What We Know About Long COVID—And What To Do About It
The following article was first published on Mercer’s insights page. It is reposted here with permission.
From the early days of the pandemic, there were reports of people who had COVID-19 experiencing lingering symptoms long after their infections resolved, and there are now people whose symptoms have lasted for years.
This condition now has a medical name, Post-Acute Sequelae of SARS CoV-2 or PASC, although it’s most commonly known as long COVID.
This label covers a wide range of conditions and for that reason has been difficult to study.
Risk factors for developing long COVID include age and underlying medical conditions such as asthma, obesity, and diabetes. However, non-elderly people without medical issues also experience long COVID.
How common it is remains a hard question to answer.
Estimates of the general risk of developing long COVID—defined as symptoms lasting longer than 12 weeks—after being infected range from 20%-45%. Vaccination has been reported to decrease the risk, but it is not clear by how much—estimates range from 15%-50%.
As we’ve learned more about COVID, we now recognize three different scenarios in which the infection leads to continuing symptoms.
One occurs when people have been very ill and required intensive hospital-based care. It can take a long time to recover not only from the illness, but from the impact of being on a respirator or other support equipment.
Convalescence can take months. Fortunately, as more people have been vaccinated, fewer people now require such invasive treatment.
A second scenario is when the infection itself produces long-term health consequences.
Although COVID-19 is usually thought of as a respiratory disease, there is clear evidence that it can also increase the risk of blood clots.
Ongoing pulmonary problems are often due to blood clots in the lungs. Blood clots can affect many other parts of the body, including the heart, brain, kidney and blood vessels.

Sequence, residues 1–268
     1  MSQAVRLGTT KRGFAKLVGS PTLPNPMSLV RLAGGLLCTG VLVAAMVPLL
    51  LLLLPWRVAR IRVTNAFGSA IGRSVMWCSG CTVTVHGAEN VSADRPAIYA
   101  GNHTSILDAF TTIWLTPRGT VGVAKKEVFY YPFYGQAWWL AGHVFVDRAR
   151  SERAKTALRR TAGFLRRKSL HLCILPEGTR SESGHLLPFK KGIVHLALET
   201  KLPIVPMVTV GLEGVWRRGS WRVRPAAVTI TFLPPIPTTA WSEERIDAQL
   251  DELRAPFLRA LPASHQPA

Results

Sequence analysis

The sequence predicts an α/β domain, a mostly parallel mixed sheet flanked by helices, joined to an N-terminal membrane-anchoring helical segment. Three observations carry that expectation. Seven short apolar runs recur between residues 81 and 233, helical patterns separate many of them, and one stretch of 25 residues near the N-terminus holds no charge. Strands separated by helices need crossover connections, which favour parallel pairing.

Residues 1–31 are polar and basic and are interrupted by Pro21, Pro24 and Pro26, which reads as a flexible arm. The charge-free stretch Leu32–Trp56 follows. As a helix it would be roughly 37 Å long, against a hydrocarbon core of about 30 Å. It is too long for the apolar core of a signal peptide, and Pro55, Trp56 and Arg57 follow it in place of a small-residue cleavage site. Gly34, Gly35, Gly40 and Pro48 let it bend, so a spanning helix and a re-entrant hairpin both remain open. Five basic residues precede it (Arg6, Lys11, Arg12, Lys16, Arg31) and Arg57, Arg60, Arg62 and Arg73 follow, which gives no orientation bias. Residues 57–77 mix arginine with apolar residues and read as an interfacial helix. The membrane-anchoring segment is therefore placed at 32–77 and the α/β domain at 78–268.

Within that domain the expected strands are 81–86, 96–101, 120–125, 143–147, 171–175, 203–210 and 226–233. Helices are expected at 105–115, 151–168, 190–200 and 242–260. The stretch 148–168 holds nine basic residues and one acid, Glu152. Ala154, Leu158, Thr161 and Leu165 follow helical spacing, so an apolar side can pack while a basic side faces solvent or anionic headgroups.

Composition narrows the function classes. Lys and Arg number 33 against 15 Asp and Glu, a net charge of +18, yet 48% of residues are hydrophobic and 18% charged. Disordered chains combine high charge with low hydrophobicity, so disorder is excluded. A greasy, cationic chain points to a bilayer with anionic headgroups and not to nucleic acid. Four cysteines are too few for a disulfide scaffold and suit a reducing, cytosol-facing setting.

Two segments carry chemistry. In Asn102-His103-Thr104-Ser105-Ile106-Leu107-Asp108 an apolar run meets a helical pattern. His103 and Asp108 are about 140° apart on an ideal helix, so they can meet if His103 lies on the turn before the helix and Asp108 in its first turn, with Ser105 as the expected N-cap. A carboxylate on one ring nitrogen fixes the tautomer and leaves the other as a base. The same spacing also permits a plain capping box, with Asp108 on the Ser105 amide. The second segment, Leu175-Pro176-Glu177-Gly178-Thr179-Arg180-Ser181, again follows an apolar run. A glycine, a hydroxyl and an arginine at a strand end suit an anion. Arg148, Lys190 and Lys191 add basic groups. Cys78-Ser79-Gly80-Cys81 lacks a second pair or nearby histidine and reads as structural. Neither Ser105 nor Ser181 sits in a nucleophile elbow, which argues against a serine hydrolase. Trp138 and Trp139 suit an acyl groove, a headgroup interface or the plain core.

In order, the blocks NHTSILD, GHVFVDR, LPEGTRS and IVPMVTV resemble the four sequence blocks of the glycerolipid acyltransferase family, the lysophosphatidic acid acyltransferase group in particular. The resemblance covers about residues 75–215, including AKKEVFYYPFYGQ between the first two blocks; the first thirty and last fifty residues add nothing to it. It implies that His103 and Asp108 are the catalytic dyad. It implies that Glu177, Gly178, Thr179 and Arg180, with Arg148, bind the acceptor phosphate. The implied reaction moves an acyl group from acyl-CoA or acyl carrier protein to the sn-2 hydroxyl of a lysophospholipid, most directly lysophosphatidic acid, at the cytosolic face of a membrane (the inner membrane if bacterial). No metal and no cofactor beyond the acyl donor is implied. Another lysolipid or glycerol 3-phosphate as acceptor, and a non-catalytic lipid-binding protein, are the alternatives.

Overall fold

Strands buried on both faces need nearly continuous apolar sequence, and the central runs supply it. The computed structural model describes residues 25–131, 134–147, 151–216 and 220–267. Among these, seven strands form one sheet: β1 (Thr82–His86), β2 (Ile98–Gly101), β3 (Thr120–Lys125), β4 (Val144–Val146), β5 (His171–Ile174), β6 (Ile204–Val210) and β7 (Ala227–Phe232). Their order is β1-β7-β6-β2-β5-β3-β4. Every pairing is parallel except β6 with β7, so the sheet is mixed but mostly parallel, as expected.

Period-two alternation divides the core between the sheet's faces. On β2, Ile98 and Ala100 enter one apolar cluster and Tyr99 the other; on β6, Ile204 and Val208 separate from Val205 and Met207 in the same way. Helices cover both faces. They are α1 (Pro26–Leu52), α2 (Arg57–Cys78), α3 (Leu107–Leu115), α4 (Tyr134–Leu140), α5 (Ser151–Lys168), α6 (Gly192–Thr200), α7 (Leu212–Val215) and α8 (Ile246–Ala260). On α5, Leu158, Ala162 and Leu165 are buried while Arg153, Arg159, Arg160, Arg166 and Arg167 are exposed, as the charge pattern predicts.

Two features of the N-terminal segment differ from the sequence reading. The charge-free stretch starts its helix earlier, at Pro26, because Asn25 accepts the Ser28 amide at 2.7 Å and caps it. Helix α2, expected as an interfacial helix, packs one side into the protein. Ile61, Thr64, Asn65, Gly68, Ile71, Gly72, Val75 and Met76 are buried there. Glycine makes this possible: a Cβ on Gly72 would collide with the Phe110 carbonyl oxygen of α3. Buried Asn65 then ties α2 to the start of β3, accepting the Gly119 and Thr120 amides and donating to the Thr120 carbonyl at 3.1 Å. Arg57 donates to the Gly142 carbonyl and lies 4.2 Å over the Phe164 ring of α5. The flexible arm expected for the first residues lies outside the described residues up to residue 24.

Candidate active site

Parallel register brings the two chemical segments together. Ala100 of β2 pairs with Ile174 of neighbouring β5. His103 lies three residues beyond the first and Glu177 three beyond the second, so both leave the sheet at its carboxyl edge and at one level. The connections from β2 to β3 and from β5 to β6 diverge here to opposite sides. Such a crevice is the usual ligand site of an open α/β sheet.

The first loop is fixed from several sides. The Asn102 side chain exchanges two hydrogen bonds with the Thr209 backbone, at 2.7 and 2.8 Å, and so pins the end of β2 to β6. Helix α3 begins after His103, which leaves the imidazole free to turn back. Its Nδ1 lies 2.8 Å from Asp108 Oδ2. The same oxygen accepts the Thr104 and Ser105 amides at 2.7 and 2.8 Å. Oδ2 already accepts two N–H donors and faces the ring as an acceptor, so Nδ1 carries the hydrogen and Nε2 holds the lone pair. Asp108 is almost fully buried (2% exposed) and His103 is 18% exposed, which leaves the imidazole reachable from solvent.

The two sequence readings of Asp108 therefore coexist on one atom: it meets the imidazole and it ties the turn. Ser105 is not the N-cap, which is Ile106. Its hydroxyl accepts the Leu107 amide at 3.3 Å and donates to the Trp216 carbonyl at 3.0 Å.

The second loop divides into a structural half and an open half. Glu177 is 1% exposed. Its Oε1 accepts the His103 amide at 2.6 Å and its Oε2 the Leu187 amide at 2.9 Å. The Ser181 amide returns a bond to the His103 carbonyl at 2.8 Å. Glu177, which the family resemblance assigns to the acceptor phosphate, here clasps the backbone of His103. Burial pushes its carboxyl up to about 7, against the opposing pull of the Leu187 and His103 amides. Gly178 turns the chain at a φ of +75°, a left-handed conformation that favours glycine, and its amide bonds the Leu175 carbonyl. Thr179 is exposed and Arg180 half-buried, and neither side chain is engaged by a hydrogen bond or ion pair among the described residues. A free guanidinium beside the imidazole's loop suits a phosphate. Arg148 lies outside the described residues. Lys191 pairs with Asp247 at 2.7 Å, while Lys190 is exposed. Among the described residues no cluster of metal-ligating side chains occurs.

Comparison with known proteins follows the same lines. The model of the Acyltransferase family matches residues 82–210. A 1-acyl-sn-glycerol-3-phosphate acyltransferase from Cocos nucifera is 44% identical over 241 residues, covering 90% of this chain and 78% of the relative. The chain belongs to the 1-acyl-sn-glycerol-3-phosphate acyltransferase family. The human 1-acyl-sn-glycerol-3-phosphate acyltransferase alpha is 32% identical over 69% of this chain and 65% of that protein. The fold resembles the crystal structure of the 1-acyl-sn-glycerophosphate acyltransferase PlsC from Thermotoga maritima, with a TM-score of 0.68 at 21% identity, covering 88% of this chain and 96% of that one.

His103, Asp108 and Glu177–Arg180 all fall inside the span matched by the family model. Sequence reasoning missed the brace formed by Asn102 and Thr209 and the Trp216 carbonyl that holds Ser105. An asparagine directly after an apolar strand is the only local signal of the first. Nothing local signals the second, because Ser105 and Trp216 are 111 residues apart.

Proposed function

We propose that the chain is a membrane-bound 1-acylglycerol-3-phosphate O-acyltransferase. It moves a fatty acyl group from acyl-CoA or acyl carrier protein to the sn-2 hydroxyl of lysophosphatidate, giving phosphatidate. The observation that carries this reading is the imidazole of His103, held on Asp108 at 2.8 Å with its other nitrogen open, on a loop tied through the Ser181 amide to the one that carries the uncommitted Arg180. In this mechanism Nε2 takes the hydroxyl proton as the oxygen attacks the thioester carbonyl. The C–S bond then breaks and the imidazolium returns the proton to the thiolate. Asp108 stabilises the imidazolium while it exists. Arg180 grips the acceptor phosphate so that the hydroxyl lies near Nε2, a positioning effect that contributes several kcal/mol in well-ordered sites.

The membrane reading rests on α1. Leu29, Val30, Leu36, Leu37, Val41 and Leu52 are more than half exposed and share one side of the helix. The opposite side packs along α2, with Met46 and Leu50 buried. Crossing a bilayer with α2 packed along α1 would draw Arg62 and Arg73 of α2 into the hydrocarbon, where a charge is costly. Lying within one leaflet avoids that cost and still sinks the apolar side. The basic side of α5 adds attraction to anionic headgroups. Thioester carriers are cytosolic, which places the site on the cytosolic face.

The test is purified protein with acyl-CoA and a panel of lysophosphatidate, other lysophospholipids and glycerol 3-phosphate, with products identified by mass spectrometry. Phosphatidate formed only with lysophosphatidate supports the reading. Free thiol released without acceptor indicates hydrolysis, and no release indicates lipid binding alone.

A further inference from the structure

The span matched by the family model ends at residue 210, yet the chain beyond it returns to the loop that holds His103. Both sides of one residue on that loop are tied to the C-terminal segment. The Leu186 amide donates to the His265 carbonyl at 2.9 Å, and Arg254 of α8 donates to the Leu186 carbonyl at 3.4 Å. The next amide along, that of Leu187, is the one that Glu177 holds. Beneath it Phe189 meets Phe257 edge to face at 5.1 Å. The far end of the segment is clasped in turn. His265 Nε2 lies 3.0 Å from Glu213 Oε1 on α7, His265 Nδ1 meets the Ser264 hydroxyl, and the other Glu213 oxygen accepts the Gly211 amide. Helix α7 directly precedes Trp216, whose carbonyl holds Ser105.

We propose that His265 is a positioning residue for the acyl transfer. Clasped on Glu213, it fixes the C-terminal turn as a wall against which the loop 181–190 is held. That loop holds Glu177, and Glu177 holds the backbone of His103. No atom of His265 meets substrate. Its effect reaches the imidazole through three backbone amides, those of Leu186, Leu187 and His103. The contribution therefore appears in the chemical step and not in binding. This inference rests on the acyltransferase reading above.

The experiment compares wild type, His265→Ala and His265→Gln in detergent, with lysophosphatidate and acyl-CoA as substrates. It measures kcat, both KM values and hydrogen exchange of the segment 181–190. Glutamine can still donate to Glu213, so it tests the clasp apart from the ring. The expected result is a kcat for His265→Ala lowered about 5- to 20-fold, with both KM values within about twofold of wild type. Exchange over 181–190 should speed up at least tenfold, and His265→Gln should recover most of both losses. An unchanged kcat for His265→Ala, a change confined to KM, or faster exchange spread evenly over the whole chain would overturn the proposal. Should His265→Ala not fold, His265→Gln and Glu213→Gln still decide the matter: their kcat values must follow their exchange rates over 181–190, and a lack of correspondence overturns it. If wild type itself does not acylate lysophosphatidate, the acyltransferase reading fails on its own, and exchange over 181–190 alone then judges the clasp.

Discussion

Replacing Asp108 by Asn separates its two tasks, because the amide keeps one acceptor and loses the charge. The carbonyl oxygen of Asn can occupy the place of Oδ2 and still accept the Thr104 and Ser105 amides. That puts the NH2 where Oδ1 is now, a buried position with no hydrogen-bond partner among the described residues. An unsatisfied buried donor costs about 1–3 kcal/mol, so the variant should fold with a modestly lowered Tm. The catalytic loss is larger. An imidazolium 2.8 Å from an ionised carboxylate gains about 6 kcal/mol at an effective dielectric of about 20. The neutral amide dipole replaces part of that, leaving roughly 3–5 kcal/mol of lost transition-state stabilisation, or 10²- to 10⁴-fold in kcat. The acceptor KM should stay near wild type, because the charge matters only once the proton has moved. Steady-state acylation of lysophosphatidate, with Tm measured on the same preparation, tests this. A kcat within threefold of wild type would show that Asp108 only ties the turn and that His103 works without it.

The seriousness of the problem and the length of time that it affects a person varies considerably.
In the third scenario are the cases that are most commonly called “long COVID” or “long-haul syndrome.”
Here, symptoms typically occur about six weeks or so after a mild infection not requiring hospitalization.
They can include fatigue, nerve pain, headache, balance issues, and what sufferers describe as brain fog.
There is also data that shows an increased risk of anxiety and depression, although that seems to resolve in a few months.
More worrisome is the noted increase in seizures.
Studies into the mechanisms behind these issues are ongoing, but researchers have noted similarities to other post-viral illnesses and to how the brain and body respond to chemotherapy.
Impact on Children
Fortunately, COVID-19 has had less of an impact on children in general, and as a result long COVID is also less common among children.
As with adults, vaccination lowers the odds of children developing long COVID.
A recent study from University of Colorado showed that underlying health issues and having a more severe initial illness both increase the risk in children.
Myocarditis is the most common long-term complication found in this study.
Implications for Employers
Given what we now know—and still don’t know—about PASC, what actions should employers consider to safeguard the health and well-being of their workers?
- Encourage employees and their families to stay up to date on their COVID vaccinations. Educate them about the benefits of the new vaccine booster that has just been released and where they can get it—or arrange to have it administered on-site.
- Be sure that your disability carrier has the programs in place to assess people with long COVID and to monitor their status
- Discuss potential accommodations for those with fatigue or other symptoms that may interfere with work and make sure that you have access to services that can provide functional assessments. A number of medical systems have established centers for long COVID care that can help.
- Be sure your employees and their families know how to connect with behavioral health resources through EAP or other services.
While there is still much to learn about long COVID, what we do know is that the condition is real and that anyone who has had COVID can be affected by it.
People who are suffering with long COVID need help both medically and with work accommodations. At this time, most doctors still do not know how to evaluate the condition.
Fortunately, the CDC is funding a major research effort that should lead to more effective care and treatment. Look for more clinical information coming over the next months.
About the authors: Mary Kay O’Neill is a partner in the Total Health Management practice at Mercer. Tracy Watts is a senior partner at Mercer, and a national leader for U.S. health policy. Rich Fuerstenberg is a senior partner in Mercer’s Health practice.
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